Feb 102017
 

I set out to write something insightful yesterday but I feel like all I did was gripe about my poor project-backing decision.

So, in today’s post I’m going to try to light a candle rather than curse the darkness. In Pathfinder, Necromancy is irrevocably connected to the Negative Energy Plane so casting necromantic spells involves channeling some degree of negative energy– which is an evil act. So good necromancers quickly become neutral and neutral necromancers have to work pretty hard to avoid sliding into evil. Therefore, the assumption is that necromancy is evil. This gets bolstered by the general icky-ness of corpses themselves. They spread disease and, as a result, countless social taboos have sprung up around handling corpses. So necromancy not only violates morality but also social mores — truly the action(s) of a villain.

But does it have to be?

When you’re building your own fantasy world, you can discard all that. Maybe corpses don’t decompose (or they don’t decompose as rapidly) for a few days, so there doesn’t need to be social taboos surrounding dead bodies. In such a world, necromancers might be the holiest sort of magic-user; their ability to speak with honored ancestors (and charge for the service) would give them access to  secret information (and money) which they could then parlay into becoming the toast of the city. That’s a far cry from the stereotypical black-robed, pallid, carrion-vulture that most necromancers are depicted as.

Maybe the local Necromancers Guild has an incredibly strict code of conduct, designed to prevent moral corruption (or at least keep necromancers from acting on evil inclinations. (Which then becomes a possible campaign model; the players get hired to investigate a necromancer suspected of breaking the code). In this type of world, necromancers would still be feared but they’d also be admired for their dignity, sense of honor, strength of will — all of which are necessary to follow the code.

Or, going a step further, break the connection between Necromancy and negative energy/evil. As detailed in plenty of other places, an army of undead soldiers has numerous advantages that I’m not going to go into here but the most important of which is: fewer living soldiers have to die in a war. This means that a country with necromancers has a larger post-war population than one without, which translates into a larger labor pool and a stronger economy. Instead of being terrible, rotting monsters, undead soldiers would be regarded as valuable, loyal defenders. If that seems too weird, consider this: if your grandparents could rise from the grave to keep you safe, wouldn’t they? Furthermore if that sort of thing happened every day, most people would get used to it pretty quickly, overcoming any innate fear and replacing it with respect. Some would even want to keep their undead ancestors as “healthy” and presentable as possible (regardless of whether it’s due to image-consciousness or actual affection). This might motivate alchemists and morticians to develop preservative treatments that would slow or halt decomposition and prevent the spread of corpse-borne disease.

Taking that idea a step further, countless stories tell of ghosts and revenants who rise from the grave to avenge some wrong or complete unfinished business. If undead aren’t intrinsically evil, then these ghosts and revenants become agents of justice — and so would necromancers. Able to draw information from beyond, necromancers make great investigators. They might be the head of local police forces or religious inquisitions.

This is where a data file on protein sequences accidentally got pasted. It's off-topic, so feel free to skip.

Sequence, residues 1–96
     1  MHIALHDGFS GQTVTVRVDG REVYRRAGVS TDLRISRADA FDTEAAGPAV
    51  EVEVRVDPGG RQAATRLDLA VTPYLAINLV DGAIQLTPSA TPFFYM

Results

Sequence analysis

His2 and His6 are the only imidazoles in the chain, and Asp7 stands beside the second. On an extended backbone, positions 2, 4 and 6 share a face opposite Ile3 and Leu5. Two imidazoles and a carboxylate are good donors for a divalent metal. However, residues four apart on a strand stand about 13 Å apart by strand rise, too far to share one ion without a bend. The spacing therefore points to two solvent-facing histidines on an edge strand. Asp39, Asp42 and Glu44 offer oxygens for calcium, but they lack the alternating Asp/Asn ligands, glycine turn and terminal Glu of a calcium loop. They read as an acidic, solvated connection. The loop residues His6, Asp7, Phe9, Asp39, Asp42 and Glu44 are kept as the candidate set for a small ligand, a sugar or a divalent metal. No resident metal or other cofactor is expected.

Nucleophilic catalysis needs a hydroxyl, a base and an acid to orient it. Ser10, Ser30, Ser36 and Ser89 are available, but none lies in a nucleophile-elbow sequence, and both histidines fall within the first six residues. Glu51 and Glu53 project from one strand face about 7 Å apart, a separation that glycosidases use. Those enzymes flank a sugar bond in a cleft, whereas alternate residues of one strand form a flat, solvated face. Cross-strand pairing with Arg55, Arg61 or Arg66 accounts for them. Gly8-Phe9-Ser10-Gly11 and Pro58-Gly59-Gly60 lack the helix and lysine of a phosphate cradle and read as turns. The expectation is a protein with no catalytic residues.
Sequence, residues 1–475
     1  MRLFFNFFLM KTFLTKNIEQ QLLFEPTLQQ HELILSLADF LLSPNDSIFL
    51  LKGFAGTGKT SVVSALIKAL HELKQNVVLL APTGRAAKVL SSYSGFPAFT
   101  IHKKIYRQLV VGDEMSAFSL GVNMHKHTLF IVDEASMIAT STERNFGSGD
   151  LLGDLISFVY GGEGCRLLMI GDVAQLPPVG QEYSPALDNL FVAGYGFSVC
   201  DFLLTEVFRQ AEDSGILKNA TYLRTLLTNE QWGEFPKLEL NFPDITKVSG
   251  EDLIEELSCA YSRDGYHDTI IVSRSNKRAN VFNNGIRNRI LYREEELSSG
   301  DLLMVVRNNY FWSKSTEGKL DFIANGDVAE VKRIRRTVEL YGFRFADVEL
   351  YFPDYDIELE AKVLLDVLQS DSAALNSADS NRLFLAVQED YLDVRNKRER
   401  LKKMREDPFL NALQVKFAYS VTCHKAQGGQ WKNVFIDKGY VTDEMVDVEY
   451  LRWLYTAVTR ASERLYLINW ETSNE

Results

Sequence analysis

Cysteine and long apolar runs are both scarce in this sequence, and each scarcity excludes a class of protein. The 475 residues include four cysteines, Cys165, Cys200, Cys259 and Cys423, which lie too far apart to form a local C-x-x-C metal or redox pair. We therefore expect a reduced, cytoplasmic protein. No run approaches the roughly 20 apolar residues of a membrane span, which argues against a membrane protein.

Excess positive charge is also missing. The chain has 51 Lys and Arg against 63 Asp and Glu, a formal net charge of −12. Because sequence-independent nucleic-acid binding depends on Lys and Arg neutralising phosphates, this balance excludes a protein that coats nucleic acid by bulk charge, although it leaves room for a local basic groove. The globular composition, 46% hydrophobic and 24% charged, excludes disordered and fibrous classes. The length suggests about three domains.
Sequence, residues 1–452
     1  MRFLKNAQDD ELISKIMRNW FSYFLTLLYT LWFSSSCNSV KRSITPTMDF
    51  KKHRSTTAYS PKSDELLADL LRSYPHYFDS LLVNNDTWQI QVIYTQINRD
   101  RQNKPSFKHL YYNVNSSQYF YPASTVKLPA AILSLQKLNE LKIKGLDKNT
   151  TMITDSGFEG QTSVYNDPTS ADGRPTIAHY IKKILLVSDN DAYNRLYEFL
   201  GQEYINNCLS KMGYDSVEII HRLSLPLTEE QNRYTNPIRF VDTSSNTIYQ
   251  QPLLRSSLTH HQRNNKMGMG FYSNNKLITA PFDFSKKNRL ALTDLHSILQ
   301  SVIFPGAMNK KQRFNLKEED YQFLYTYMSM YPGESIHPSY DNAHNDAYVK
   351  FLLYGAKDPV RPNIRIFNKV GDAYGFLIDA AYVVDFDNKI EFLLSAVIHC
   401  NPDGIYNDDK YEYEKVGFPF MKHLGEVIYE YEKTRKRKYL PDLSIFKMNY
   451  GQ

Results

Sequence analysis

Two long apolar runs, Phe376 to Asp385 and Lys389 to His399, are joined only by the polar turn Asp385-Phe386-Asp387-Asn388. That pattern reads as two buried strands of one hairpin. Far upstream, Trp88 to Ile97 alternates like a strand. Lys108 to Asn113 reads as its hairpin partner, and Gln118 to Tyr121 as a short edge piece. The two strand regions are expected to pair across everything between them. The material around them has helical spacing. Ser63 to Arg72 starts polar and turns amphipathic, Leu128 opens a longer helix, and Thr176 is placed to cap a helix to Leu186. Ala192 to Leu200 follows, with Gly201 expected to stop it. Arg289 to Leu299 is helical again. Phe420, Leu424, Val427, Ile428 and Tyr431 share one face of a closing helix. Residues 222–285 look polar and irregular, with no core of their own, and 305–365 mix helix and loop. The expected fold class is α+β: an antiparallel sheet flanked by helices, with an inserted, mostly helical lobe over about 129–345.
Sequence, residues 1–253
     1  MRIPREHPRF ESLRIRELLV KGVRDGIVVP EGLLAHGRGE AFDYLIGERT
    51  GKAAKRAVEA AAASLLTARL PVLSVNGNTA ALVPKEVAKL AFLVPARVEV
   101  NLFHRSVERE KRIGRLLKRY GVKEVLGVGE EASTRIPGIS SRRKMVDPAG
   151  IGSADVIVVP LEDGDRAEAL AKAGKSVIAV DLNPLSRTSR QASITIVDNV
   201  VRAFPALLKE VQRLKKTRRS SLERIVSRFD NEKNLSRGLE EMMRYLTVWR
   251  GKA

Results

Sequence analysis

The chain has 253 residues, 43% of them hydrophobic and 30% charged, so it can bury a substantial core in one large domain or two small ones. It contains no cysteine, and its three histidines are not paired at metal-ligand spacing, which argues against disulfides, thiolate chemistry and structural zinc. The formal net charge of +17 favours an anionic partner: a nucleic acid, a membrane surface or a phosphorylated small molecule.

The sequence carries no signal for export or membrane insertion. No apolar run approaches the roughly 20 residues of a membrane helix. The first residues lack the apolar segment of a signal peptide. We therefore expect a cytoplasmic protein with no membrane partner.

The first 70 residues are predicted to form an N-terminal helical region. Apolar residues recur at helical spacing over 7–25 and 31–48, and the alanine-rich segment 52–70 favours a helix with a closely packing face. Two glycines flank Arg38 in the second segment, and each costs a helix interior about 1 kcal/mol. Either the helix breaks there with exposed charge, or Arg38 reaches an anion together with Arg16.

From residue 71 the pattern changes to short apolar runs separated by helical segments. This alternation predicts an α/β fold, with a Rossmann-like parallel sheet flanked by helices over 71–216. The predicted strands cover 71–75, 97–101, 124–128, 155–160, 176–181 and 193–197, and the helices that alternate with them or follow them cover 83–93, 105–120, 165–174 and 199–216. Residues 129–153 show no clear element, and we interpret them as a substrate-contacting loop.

Here are some of alternate necromantic groups I’ve used in past games:

Drawing of a man wearing an ancient doctor's maskThe Collegium Nox

The Collegium Nox was a group of arcane necromancers searching for ways to eliminate death. Basically they were all doctors, trying to discover immortality. Not for selfish reasons, but for the good of all mankind. In a campaign world without divine magic their healing skills made them welcome everywhere they went, which more than offset any intrinsic creepiness they might have had. (This was a campaign world where divine healing magic was pretty rare). Furthermore, they had a version of the Hippocratic Oath that compelled them to treat any wounded or diseased characters they encountered, good deeds which typically offset the innate slide into evil Dungeons & Dragons 3.0 to which necromancers were prone.

I used the standard D&D wizard class (with necromancy specialization) but made up a few new spells that let them transfer health/hit points to somewhat compensate for the lack of healing magic.

Air Elves

While not strictly necromancers, this is still an example of the type of  alternate-world I’m advocating. I ran a game where all the non-human races were affiliated with one of the classic elements. Elves, being flighty and whimsical as well as being associated with the outdoors, were linked to elemental Air. I gave them some non-standard racial abilities which I won’t go into here, but the one most germane to this discussion is: Air Elves never “died” due to old age. As they aged, they became weaker and frailer, not because they were growing weaker but because their connection to Air kept getting stronger — and they became less solid with every year. Eventually, when they reached the point when another species would expire, they instead transitioned to a completely immaterial existence. I used the standard stats for ghosts to represent these ancient elves; the only thing I changed was the requirement that they be evil.

Neither required a massive change of rules — or a lot of development. I just had to think up how they’d fit into (or change) the culture.

 February 10, 2017  Posted by at 8:41 am Anecdotes, Rants  Add comments

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